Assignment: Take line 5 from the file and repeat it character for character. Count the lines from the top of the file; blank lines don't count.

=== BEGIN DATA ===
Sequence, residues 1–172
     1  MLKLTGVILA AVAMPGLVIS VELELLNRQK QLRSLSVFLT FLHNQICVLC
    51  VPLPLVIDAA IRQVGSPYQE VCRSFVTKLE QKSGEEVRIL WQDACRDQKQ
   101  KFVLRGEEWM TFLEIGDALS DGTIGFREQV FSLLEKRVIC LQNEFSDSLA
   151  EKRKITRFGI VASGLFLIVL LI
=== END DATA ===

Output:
   151  EKRKITRFGI VASGLFLIVL LI